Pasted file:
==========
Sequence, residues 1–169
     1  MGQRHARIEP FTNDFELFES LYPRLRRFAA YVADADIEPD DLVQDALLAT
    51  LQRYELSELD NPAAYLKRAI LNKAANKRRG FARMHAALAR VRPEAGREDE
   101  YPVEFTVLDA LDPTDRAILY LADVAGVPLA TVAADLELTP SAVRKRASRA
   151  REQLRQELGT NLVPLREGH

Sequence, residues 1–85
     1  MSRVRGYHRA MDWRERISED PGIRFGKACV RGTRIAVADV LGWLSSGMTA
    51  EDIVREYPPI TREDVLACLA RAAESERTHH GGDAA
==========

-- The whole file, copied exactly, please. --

Sequence, residues 1–169
     1  MGQRHARIEP FTNDFELFES LYPRLRRFAA YVADADIEPD DLVQDALLAT
    51  LQRYELSELD NPAAYLKRAI LNKAANKRRG FARMHAALAR VRPEAGREDE
   101  YPVEFTVLDA LDPTDRAILY LADVAGVPLA TVAADLELTP SAVRKRASRA
   151  REQLRQELGT NLVPLREGH

Sequence, residues 1–85
     1  MSRVRGYHRA MDWRERISED PGIRFGKACV RGTRIAVADV LGWLSSGMTA
    51  EDIVREYPPI TREDVLACLA RAAESERTHH GGDAA